Saturday, January 16, 2021

Roland Verselab MV-1 practical groovebox

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If you need a wider sound palette, the Verselab has sampling capabilities as well. You can use the built-in mic, an external microphone, or the line on the back to capture audio of whatever you have lying around. You want to make a drum kit out of yourself by tapping plastic buckets, capture the sounds of your favorite softsynths on your computer, or slice up a soul sample – you can do all of that on the Verselab. The only problem is that the small two-line display makes cropping samples quite painful. And I didn’t quite understand how the sample slicing function works.

This itty-bitty screen makes a lot of tasks harder than necessary. Considering the amount of sound and effects, along with the sequencing and arranging tools, a bigger screen really seems necessary. One can only hope that the promised future integration with Zenbeats will help to simplify things somewhat.

Terrence O’Brien / Engadget

The screen is however my only complaint on the hardware front. Although the Verselab is made entirely of plastic, it is solid. The buttons all have a good click, and while the encoders don’t have a ton of resistance, they don’t feel cheap. The sequencer keys and pads are also very nice. In fact the pads are probably the best I’ve come across on this side of a Akai device.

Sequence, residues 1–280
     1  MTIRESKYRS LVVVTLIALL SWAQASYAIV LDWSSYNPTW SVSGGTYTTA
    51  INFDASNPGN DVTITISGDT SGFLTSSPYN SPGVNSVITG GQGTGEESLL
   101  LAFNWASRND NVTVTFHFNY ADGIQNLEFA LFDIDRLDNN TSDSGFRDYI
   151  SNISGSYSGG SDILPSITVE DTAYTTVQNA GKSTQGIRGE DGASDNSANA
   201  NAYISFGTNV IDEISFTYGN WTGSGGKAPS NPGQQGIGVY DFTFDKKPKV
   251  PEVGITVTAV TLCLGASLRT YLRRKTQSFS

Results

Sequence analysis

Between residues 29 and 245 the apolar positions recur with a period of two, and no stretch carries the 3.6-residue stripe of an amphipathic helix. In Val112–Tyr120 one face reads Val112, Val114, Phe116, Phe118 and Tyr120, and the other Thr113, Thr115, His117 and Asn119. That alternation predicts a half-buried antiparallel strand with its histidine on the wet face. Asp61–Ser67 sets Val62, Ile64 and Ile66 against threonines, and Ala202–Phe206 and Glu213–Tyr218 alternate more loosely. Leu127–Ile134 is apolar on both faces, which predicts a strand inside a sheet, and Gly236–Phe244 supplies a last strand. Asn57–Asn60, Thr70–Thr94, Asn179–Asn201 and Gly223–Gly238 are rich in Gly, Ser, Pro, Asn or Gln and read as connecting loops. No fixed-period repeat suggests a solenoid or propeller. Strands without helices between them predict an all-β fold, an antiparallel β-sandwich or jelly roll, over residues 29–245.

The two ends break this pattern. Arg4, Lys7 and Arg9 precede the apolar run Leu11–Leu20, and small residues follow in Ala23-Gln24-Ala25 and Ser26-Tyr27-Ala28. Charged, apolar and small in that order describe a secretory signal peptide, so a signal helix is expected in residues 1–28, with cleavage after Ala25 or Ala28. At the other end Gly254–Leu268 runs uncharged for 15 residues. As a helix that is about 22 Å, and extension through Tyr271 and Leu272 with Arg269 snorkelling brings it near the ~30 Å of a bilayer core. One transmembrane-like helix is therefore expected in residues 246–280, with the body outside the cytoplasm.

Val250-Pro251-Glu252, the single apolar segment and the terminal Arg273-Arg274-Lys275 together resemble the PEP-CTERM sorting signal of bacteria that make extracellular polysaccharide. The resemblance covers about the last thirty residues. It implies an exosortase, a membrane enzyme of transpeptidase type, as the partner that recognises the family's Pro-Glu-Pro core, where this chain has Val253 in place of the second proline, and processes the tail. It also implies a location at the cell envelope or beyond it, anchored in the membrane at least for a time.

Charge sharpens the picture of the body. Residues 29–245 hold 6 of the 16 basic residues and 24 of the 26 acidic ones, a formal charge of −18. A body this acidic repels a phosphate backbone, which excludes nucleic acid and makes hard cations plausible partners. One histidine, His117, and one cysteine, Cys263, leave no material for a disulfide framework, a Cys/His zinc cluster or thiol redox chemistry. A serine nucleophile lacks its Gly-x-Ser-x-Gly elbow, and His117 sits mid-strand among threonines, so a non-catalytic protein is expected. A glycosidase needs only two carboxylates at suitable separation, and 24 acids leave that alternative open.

A final way the Verselab tries to shift the focus from beatmaking to songwriting is to simplify the actual process of creating musical ideas. You can quantize the pads so you’re always in the key, there’s a one-pad tuning mode for establishing harmonies and the “style” mode spits out a bunch of rhythm and arpeggio patterns.

The Verselab will start shipping this month for $ 700, putting it in the middle of Roland’s lineup, with the TR-8S. But it fits well with the company’s flagship groovebox, the $ 1,000 MC-707.

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